Qatar’s women are the most entrepreneurial in the region, but struggle to make it to the boardroom, according to a recently-issued report.
One-third of women in the country want to set up and run their own businesses, compared to just 4 percent of their UAE peers who share the same aspirations.
And some 6 percent of women here already own their own company, while in Bahrain just 3 percent of women do. Across the rest of the Gulf, only 2 percent of women run an SME.
Still, despite having leadership skills, not many women in Qatar are making it into the top jobs and boardrooms of companies, states the “GCC women entrepreneurs in a new economy” report.
Published last month by Dubai-based investment manager Al Masah Capital, the report also showed that just 7 percent of legislative, senior official and management roles in Qatar are held by women.
This puts Qatar on the same level as Saudi Arabia and behind the other four Gulf states when it comes to promoting women to senior corporate roles.
In contrast, women in Kuwait hold 14 percent of these seats, and in Bahrain, 13 percent.
Qatar’s figure remains low for the number of women who hold boardroom positions. Just 0.3 percent of board seats belong to females, while in Oman 1.8 percent are controlled by women.
That said, women’s positions in Qatar have improved in recent years.
The country has one of the highest levels of female literacy in the MENA region and also comes out on top with female participation in the workforce.
And nearly two-thirds (59 percent) of women living in the country over the age of 25 registered as employed and working, compared to the MENA average of just 25 percent.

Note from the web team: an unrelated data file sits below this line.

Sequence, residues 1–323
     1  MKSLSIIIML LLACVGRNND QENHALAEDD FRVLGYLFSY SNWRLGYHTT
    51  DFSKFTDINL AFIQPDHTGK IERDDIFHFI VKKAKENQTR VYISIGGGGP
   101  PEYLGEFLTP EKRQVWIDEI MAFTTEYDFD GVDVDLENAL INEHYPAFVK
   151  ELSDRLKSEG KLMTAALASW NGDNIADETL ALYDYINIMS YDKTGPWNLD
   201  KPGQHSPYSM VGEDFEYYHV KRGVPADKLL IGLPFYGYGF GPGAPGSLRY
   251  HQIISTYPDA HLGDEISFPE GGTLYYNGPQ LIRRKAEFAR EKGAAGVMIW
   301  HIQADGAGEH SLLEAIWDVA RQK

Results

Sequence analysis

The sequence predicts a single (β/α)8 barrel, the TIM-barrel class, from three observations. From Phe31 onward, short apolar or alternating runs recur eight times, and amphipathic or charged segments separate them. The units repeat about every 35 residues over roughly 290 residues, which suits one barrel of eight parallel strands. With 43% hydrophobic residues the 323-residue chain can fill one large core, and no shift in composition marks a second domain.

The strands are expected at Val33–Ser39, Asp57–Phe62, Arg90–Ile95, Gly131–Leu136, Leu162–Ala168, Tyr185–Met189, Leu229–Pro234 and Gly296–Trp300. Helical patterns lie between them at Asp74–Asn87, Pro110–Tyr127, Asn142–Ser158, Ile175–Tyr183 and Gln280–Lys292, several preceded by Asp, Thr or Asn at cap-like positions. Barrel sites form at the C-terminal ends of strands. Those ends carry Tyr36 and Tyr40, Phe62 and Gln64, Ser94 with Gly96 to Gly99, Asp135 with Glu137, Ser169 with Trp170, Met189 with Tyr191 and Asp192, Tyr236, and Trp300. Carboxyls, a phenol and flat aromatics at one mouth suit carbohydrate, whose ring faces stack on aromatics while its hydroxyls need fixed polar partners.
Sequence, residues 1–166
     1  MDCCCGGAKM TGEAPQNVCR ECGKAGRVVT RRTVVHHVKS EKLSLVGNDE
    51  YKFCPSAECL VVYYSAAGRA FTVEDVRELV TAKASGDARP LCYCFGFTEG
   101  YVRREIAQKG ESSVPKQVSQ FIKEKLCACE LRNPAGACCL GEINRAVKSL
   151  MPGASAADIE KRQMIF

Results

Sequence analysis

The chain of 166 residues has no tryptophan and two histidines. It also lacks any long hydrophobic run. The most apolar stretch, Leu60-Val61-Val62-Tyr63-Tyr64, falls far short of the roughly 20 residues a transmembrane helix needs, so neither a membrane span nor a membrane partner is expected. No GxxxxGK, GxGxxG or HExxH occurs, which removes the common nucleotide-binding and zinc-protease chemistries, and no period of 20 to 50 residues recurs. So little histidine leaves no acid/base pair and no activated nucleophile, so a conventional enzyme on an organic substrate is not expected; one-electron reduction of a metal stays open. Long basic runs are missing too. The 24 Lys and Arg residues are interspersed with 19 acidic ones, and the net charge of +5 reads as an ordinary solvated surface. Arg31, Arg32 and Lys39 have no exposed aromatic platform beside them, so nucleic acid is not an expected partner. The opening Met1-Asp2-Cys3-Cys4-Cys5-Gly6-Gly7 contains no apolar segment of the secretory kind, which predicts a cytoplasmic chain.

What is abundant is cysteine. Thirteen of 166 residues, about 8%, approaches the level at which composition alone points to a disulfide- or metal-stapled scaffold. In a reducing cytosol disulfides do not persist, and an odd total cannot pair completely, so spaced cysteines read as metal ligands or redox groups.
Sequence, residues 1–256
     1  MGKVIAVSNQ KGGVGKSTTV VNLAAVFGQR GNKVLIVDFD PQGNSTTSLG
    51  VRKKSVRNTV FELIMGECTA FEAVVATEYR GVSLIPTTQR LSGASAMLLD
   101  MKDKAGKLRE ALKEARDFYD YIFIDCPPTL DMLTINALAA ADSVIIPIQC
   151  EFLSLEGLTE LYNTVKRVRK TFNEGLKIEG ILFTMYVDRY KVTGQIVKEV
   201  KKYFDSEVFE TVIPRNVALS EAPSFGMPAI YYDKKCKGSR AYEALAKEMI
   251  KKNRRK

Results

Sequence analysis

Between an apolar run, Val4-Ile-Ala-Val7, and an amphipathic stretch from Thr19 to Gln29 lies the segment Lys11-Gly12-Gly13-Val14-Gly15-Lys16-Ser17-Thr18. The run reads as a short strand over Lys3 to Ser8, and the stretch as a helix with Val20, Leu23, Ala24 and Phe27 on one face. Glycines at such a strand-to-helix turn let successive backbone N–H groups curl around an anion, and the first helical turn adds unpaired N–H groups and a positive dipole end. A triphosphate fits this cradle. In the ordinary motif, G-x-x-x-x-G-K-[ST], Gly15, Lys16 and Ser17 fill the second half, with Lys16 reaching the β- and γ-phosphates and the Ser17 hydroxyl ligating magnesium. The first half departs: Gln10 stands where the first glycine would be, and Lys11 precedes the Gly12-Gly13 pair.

Across the Gulf as a whole, more women are working and an increasing number of them are running their own businesses. In 2011, just 4 percent of women were entrepreneurs. But in 2014, this rose to an average of 10 percent.
This positive trend is also reflected in Qatar, with female labor force participation “on the rise” and a wider range of jobs considered suitable for women, the report noted.
The entrepreneurial spirit would appear to be strongest in the Qatar out of all the Gulf states, with more women – and men – either already running their own companies or hoping to do so.
The government has made some strides to support women in leadership positions, with the establishment of organizations such as the Qatari Business Women’s Forum, the report said.
The Roudha Center and QBIC are also among a number of organizations that give advice and practical support to start-ups in the country.
“Nevertheless, upper management positions are generally occupied by men, especially in the private sector,” it added.
Other challenges exist.
These range from “informal issues such as social constraints” to more formal hurdles that include inadequate training and mentoring, and access to finance.
Finally, the report pointed out some women’s lack of experience and management skills, which can lead to risk-aversion and low self-confidence.